Servicio de Hidrografía Naval (Argentina)
This project follows the research started in CRN 2076, with the same title.
Oceans play a significant role in the global climate system; they sequester greenhouse gases, move heat from the equator to polar regions and control the global hydrology. The global Oceans, especially their continental shelves, have soaked up one third of the man-made CO2 emissions since the mid 1800s. Oceanic phytoplankton produces half of the Earth’s chlorophyll, and half of this is found on continental shelves which occupy only 9% of the global ocean area. Researchers in this project are studying exchange processes between the deep ocean and the continental shelf of eastern South America, and how such exchange impacts on the success of shelf species. Our hypothesis is that most of the shelf water transfer to the deep ocean occurs along the Subtropical Shelf Front (STSF, see image at right). Direct observation, historical data and numerical simulations all contribute to understanding ocean circulation and the responses of the ocean biota.
To determine the mechanisms responsible for the export of shelf waters to the deep ocean and its biological and biogeochemical implications.
Determine whether the STSF is a preferential site for shelf/deep ocean exchanges.
Determine the changes of the physical, biological and biogeochemical characteristics of shelf waters along the STSF and their short-term variability.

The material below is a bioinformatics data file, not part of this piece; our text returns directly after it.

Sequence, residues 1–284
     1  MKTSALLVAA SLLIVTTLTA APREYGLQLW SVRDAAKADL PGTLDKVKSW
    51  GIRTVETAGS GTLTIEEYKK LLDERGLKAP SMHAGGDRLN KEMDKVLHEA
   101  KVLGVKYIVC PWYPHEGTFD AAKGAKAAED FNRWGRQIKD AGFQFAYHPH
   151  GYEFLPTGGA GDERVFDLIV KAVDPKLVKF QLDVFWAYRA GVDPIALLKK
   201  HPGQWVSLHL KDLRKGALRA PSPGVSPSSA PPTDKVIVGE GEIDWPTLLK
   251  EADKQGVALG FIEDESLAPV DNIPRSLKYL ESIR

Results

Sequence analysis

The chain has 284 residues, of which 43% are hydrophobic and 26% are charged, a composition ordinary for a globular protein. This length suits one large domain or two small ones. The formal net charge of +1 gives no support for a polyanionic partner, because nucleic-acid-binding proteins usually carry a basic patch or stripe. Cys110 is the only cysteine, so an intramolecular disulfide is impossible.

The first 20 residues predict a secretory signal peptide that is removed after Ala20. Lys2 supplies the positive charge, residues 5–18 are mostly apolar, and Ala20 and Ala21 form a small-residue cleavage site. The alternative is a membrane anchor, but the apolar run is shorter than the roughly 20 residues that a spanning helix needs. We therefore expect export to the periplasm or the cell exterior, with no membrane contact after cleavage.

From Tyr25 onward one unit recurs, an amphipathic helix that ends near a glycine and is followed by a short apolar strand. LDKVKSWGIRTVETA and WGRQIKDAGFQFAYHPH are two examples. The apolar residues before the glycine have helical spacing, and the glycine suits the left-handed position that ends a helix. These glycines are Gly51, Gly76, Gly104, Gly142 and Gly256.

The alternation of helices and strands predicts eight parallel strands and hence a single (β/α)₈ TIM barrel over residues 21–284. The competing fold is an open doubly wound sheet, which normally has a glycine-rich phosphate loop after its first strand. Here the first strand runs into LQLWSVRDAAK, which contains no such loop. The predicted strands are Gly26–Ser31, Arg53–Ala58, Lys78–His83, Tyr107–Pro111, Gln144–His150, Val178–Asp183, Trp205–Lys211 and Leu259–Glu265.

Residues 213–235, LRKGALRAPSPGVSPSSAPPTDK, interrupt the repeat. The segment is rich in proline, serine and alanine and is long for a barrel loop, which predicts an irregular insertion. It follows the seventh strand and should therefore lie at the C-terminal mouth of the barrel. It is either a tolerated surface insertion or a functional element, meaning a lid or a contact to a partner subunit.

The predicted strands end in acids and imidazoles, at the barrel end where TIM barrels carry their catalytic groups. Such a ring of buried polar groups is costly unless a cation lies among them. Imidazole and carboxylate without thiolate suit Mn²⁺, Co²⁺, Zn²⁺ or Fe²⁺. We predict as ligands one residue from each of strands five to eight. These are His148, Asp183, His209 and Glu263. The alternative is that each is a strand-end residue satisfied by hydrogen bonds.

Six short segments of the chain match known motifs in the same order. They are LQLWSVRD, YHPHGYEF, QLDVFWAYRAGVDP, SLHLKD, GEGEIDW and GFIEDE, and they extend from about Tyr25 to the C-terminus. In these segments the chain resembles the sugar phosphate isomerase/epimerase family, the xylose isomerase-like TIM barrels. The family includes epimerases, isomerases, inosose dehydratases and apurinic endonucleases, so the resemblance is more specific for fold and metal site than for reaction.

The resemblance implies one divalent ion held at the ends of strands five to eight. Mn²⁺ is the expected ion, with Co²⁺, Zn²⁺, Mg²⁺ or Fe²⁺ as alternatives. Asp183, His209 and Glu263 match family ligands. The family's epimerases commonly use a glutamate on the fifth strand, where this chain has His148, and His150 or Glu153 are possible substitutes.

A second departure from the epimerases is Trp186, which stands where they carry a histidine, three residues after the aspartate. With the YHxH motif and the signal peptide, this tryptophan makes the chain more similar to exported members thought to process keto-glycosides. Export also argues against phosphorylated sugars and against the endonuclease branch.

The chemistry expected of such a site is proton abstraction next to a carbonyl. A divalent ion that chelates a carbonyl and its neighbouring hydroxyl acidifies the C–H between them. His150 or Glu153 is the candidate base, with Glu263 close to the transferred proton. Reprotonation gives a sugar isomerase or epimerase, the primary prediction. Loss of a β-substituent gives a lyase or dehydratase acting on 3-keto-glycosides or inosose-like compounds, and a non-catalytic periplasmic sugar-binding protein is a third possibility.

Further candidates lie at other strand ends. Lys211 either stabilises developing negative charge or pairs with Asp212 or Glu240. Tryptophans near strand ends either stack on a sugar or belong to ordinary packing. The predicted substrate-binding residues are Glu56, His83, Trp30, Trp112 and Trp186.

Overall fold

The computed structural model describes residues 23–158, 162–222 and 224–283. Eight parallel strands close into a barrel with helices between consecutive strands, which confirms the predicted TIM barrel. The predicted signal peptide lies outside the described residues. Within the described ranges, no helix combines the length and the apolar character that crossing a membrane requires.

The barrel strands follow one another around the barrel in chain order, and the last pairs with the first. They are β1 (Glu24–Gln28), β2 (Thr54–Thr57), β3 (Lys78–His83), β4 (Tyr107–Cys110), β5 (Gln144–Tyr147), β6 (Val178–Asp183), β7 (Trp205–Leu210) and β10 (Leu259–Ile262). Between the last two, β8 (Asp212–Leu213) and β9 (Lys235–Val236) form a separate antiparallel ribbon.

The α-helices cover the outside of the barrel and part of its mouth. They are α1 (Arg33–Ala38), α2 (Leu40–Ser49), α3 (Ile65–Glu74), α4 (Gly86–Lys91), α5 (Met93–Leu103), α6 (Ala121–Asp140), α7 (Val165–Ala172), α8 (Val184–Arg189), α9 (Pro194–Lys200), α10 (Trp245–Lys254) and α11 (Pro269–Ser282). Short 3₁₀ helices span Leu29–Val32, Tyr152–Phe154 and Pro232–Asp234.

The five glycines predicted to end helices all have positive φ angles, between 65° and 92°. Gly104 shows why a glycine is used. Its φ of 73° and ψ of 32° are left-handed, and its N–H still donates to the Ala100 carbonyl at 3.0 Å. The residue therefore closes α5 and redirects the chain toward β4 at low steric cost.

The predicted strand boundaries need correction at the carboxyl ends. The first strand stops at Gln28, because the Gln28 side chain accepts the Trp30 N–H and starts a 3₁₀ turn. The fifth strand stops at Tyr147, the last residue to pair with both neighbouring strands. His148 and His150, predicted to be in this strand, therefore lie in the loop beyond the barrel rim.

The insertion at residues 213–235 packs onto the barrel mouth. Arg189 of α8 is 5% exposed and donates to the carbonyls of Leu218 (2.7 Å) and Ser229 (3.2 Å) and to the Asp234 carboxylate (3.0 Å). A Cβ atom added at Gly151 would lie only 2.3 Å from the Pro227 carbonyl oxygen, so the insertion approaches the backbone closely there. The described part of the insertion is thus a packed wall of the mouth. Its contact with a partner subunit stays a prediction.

The Patagonia shelf, which covers 4% of the global continental margins, absorbs about 17 Tg C yr-1 (million metric tons of carbon per year). The project contributes to a better understanding of the carbon sequestration processes.
The significant fishery on the shelf break, with about one million tons of fish and squid landed every year (~1.5% of global production) shows strong interannual fluctuations; the project contributes to understand the variability of the commercial resources.
Development of state of the art ocean models that display realistic features of the circulation and reveal upwelling mechanisms which sustain the productive shelf break region.
Freshwater input from the Rio de la Plata and Patos Lagoon plays an important role on the ecosystem production and regional diversity in the SW Atlantic.